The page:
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Apollo 11: Lessons for All time

How does one prepare for a small step and giant leap? Go behind the scenes of the Apollo 11 mission-no bulky spacesuit required.
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Celebrate the 50th anniversary of the Apollo 11 mission to the Moon with an in-depth look at four unique outcomes of this momentous event, led by four esteemed professors.


Vejas Gabriel Liulevicius

To study the deepest impulses in human nature, we see the lure of wealth and conquest, the deep-seated urge for fame and glory, the quest for higher ends, a basic human determination.


University of Tennessee

Dr. Vejas Gabriel Liulevicius is Lindsay Young Professor of History and Director of the Center for the Study of War and Society at the University of Tennessee, Knoxville. He earned his B.A. from the University of Chicago and his Ph.D. from the University of Pennsylvania. After receiving his doctorate, Dr. Liulevicius served as a postdoctoral research fellow at the Hoover Institution on War, Revolution, and Peace at Stanford University. Professor Liulevicius has won many awards and honors, including the University of Tennessee's Excellence in Teaching Award and a National Endowment for the Humanities Fellowship. At the university he teaches courses on modern German history, Western civilization, European diplomatic history, Nazi Germany, World War I, war and culture, 20th-century Europe, nationalism, and utopian thought. Dr. Liulevicius has published numerous articles and two books: War Land on the Eastern Front: Culture, National Identity, and German Occupation in World War I and The German Myth of the East, 1800 to the Present.

Professor Liulevicius participated in The Great Courses Professor Chat series. Read the chat to learn more about diplomacy and war

By This Professor

Turning Points in Modern History
A History of Eastern Europe
The Rise of Communism: From Marx to Lenin
Communism in Power: From Stalin to Mao
History's Greatest Voyages of Exploration
The Secret World of Espionage
Robert M. Hazen

The best thing about teaching a Great Course is how much you learn in the process-from colleagues, from the fabulous Great Courses professional staff, and from listeners, who send amazing stories and ask amazing questions.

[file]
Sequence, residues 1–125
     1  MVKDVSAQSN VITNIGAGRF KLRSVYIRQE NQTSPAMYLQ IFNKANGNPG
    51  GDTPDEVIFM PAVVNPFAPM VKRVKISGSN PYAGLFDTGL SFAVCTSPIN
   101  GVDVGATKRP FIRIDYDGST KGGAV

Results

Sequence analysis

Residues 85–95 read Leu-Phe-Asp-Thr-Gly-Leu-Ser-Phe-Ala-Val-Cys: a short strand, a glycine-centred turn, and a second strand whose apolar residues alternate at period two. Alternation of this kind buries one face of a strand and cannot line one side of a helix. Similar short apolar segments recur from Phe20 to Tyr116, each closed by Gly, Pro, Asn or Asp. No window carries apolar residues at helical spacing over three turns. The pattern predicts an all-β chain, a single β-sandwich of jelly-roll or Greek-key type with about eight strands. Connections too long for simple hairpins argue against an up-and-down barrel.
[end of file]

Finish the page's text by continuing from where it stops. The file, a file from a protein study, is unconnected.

George Mason University

Dr. Robert M. Hazen is Clarence J. Robinson Professor of Earth Sciences at George Mason University in Fairfax, VA, and a research scientist at the Geophysical Laboratory of the Carnegie Institution of Washington.

Professor Hazen earned his bachelor's and master's degrees in geology from the Massachusetts Institute of Technology. He earned a Ph.D. in Earth Science from Harvard University and did post-doctoral work at Cambridge University in England before joining the Carnegie Institution. At Carnegie, Dr. Hazen's research focuses on high-pressure organic synthesis and the origin of life.

Professor Hazen has authored 15 books, including the best-selling Science Matters: Achieving Scientific Literacy and The Sciences: An Integrated Approach. He has written over 220 articles for both scholarly and popular publications such as Newsweek, Scientific American, The New York Times Magazine, Technology Review, and Smithsonian Magazine.

He has received the Mineralogical Society of America Award, the American Chemical Society Ipatieff Prize, the Educational Press Association Award, the American Crystallographic Association's Science Writing Award, and Fellowship in the American Association for the Advancement of Science.

Professor Hazen serves on the advisory boards for The National Committee for Science Education, Encyclopedia Americana, NOVA, and the Carnegie Council. He appears frequently on radio and television programs on science.

By This Professor

The Origin and Evolution of Earth: From the Big Bang to the Future of Human Existence
Edward M. Murphy